The Guardian looks at the contemporary Art market in China.
Above: Zhang Xiaogang. (Photo: Dan Chung)
Dylan C. Lathrop writes: This stimulating article was featured in the US section of the Guardian on Wednesday. Jonathan Watts discusses the booming Chinese art market and tracks the money flowing into China, but also the growing concerns of commercialization and the negative impact it may be having on the creative process.
Chinese artwork has been booming over the past seven years, so how does such a movement deal with commerce in its infancy?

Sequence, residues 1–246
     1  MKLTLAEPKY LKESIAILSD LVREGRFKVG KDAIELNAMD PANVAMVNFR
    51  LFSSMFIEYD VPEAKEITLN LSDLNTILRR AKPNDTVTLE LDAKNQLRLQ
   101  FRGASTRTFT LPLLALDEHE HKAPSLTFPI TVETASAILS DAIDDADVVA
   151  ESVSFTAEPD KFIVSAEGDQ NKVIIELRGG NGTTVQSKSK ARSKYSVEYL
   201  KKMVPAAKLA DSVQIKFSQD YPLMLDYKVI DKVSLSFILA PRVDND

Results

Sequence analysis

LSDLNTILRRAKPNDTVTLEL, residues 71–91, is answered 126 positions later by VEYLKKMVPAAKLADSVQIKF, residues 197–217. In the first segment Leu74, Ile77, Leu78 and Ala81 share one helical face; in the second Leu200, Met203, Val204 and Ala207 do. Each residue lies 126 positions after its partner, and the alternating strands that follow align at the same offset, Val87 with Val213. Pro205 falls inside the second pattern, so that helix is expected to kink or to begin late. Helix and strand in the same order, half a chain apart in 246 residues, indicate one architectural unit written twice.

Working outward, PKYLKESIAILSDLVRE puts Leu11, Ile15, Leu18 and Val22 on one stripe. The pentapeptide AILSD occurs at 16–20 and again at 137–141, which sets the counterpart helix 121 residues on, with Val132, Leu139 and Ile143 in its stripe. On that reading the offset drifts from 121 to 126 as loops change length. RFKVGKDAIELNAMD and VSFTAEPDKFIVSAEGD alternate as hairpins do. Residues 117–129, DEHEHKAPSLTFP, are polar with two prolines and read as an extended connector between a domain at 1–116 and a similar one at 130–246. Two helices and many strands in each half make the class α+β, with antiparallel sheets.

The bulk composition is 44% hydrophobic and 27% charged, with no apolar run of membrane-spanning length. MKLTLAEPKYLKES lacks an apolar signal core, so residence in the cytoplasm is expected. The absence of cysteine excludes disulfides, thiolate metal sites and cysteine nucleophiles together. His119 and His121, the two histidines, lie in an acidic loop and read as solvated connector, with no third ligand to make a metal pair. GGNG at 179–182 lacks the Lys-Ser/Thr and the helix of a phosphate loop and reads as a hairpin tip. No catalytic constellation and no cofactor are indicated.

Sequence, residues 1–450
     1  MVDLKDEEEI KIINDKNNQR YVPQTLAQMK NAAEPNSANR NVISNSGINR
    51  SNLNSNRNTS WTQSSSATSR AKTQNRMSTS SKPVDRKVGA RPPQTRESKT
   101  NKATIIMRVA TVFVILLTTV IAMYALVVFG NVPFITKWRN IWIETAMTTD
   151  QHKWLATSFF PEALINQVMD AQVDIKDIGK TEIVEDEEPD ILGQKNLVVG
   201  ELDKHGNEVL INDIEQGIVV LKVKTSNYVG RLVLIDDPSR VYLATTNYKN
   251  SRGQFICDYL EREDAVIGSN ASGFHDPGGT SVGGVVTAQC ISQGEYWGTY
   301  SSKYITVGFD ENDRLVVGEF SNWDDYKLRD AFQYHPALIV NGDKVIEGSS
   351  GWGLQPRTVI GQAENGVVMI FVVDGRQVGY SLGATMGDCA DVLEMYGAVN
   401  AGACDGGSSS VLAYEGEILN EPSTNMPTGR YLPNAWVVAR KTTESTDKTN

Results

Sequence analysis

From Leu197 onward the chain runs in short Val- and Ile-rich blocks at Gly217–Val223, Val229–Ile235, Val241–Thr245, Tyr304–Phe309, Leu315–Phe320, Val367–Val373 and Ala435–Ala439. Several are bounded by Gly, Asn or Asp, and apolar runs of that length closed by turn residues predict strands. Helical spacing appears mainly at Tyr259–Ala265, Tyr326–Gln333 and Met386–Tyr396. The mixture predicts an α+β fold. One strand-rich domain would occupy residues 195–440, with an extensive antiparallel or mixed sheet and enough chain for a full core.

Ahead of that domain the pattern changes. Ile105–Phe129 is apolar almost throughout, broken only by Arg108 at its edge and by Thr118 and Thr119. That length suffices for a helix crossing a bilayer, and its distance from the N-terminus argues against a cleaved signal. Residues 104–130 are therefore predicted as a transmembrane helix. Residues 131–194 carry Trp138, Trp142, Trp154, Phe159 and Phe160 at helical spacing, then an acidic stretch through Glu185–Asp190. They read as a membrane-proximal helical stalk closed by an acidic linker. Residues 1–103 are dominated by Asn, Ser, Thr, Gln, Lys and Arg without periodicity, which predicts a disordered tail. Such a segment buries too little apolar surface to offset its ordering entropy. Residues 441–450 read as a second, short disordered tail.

More interesting to this conversation, within the global context, is how much money is flowing into the economy from the sale of artwork in China. That number used to be based primarily on sales from abroad, but over the past three years there has been a 30% increase in domestic sales from nearly zero before that. Chinese middle to upper-middle classes are growing and now can enjoy the splendors of cultural luxuries such as art.
That kind of increase in spending directly ties to those (terrifying? thrilling?) projected numbers of growth in China and India. This flux of economic identities between east and west paints a very interesting backdrop for this discussion of the practice of art and commerce in China.